So I have a challenge for you females reading this: For 1-2 months, go without makeup. Not completely – allow yourself makeup one day a week. And during those 1-2 months, surround yourself with friends and do fun stuff. Laugh and forget you don’t have makeup on. And when you go into the bathroom and see yourself without makeup, smile at the mirror – even if it’s forced – and focus on your eyes. Think about the fun times you’ve had and watch your eyes light up and see yourself without makeup. You can even pull in a friend to do it with you! (Please, please don’t do this without a good, supportive friend!) While you do this, read your bible every day and ask God to show you your beauty and ask him to use it to help someone else.

Taking action on your own starts the process, taking action with someone else keeps you accountable, and taking action for someone else takes the focus off of you.

One more thought: Whenever you get married – or if you are married – your husband will/does wake up next to you when you don’t have makeup on. He will not/does not love you for how you look with makeup on! If he does, then he needs to get something right with God.

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4 responses to “Females Today, Part 1

  1. One thing I liked about drama class was that everyone had to learn how to correctly apply and remove make up – it didn’t matter if it was girls trying to out-do each other for most stunning make-up over all or guys figuring out to make realistic-looking fake scars and bruises. Before I hadn’t realize that make-up has some power in and of itself. Some ancient Christians thought that for women to wear make-up it was an act of deception – and that thought was from about a millennia and a half ago, give or take a few decades. To be honest, I think God know how everyone looks with and without make-up. My aunts would say: “God created make-up, so it’s a good thing that we should enjoy.” I happen to think that there’s not a ‘one size fits all’ approach to anything; I know some women feel that they’re not fully dressed if they don’t wear make-up, some women get more confidence when the right color highlights their natural beauty, and some women like to hide the natural imperfections to enhance the natural perfection they already have. Let’s not attach too many rules, let’s get rid of any stigma, let’s give people the freedom to chose to do that which suits them and let’s not shame them for doing something that we wouldn’t do. Make-up only has the power that we give it – but if we just see it for what it is, then there’s no harm either way.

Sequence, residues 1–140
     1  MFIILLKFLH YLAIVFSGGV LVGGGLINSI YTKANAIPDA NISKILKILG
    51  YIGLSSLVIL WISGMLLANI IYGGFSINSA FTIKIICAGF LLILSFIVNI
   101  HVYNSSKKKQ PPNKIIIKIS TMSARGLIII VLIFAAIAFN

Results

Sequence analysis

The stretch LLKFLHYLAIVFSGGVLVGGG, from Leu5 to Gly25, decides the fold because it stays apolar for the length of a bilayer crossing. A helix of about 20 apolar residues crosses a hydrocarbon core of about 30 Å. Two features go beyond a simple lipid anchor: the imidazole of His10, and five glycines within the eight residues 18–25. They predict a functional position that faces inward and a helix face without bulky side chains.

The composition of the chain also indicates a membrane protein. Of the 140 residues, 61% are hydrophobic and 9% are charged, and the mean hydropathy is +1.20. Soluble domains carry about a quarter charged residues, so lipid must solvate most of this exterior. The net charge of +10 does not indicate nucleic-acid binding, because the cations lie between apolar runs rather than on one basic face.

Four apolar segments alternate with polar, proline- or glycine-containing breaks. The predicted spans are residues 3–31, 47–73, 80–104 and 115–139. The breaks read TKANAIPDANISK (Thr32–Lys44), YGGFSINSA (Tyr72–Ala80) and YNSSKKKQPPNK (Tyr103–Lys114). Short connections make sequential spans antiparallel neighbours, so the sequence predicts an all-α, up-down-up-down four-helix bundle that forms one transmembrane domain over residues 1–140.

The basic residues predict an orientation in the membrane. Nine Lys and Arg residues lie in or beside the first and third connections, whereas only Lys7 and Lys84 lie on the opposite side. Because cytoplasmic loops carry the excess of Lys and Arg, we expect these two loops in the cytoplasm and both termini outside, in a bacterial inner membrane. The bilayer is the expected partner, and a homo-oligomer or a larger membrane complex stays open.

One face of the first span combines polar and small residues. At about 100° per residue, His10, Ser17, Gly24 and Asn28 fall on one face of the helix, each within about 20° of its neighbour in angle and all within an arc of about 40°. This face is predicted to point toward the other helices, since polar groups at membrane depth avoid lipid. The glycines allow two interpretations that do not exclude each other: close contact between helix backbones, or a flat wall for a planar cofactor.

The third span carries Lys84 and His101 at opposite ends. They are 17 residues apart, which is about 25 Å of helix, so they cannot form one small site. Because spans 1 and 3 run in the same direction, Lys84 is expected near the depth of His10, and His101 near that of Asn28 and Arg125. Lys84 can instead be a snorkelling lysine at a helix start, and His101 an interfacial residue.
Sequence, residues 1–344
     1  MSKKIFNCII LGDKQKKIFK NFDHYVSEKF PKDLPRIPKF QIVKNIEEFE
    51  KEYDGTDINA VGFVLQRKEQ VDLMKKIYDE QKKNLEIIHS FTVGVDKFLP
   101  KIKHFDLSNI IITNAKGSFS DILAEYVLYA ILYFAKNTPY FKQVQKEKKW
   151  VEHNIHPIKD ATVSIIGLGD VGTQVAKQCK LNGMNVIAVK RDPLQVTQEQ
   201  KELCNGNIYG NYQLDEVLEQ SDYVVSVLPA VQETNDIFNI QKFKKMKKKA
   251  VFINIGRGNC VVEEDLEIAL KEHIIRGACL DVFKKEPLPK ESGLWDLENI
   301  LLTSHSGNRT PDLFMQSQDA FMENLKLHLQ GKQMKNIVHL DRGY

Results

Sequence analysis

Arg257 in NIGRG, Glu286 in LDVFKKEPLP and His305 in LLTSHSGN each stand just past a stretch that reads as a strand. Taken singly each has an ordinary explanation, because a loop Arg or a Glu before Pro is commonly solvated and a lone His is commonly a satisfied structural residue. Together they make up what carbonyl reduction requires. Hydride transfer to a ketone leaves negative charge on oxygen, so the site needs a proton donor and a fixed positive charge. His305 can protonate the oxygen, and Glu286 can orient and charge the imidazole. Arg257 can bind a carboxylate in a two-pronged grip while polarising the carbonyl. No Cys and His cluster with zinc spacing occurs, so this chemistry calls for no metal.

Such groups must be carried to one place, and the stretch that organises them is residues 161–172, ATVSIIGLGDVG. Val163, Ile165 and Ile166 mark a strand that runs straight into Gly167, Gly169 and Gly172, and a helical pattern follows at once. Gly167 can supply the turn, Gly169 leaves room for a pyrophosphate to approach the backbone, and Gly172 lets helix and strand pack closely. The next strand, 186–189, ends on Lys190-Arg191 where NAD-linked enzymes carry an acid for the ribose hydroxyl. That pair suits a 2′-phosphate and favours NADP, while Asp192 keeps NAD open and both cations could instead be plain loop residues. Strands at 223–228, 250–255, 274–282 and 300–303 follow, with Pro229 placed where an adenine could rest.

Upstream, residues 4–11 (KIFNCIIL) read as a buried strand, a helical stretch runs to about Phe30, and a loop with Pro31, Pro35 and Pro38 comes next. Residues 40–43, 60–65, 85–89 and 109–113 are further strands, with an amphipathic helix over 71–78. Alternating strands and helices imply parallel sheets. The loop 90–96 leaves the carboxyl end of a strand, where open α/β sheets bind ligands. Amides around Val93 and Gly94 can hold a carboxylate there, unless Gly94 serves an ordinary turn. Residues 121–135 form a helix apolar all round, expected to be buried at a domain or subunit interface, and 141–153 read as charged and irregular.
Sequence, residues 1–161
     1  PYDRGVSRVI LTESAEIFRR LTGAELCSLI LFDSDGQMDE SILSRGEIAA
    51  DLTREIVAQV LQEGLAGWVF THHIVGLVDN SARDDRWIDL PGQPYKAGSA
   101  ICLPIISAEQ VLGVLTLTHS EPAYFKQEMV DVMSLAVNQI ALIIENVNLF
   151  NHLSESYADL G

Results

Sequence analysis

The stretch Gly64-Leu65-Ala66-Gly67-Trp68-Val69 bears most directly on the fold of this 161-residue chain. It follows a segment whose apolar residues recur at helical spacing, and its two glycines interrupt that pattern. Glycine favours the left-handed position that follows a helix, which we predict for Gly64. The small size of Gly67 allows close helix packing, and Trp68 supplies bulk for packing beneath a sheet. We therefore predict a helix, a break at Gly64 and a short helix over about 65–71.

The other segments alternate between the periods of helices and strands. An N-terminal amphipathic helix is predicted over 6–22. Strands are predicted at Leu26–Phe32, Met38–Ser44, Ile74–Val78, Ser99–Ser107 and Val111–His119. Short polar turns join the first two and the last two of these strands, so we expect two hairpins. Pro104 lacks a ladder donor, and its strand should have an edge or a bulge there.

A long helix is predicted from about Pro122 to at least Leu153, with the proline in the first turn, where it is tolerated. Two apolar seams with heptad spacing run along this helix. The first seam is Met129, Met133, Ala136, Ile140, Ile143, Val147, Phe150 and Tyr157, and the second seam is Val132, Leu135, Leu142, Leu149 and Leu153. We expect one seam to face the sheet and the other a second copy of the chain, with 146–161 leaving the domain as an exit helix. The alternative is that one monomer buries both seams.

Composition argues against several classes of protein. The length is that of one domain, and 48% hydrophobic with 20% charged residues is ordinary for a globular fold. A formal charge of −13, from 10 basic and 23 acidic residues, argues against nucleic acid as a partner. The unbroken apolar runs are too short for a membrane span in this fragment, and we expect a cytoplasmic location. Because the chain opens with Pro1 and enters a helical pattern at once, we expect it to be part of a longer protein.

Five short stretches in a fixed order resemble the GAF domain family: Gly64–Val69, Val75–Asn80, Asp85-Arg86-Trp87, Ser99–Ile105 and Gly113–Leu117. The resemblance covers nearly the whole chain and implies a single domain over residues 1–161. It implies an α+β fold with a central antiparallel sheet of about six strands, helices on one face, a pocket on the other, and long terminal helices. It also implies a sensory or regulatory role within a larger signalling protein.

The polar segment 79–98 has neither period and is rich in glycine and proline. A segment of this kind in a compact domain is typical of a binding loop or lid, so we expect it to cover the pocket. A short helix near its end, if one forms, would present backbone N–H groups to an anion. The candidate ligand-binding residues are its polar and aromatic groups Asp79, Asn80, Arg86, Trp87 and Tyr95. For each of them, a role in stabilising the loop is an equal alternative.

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    • That’s true. I was trying to comment on how some people feel like they aren’t enough without makeup, like they aren’t pretty. It’s fine to wear makeup; what isn’t fine is when it takes over and starts telling a girl what she’s worth. It isn’t okay to give makeup more power than God in determining beauty.

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      • Every now and then, I think ti’s okay to go around what God has done – I had a great aunt whose hair started to turn grey when she was in her 20s, giving her no end of grief. She chose to dye it back to a normal color so that people would stop treating her differently than her friends. Many of the women in my family are small and look much younger than they actually are, it takes make-up and changing their hair color to help them look like their actual ages. How you look governs how people will treat you – and it gets very annoying to be treated like a young child when you aren’t one just because you look like one.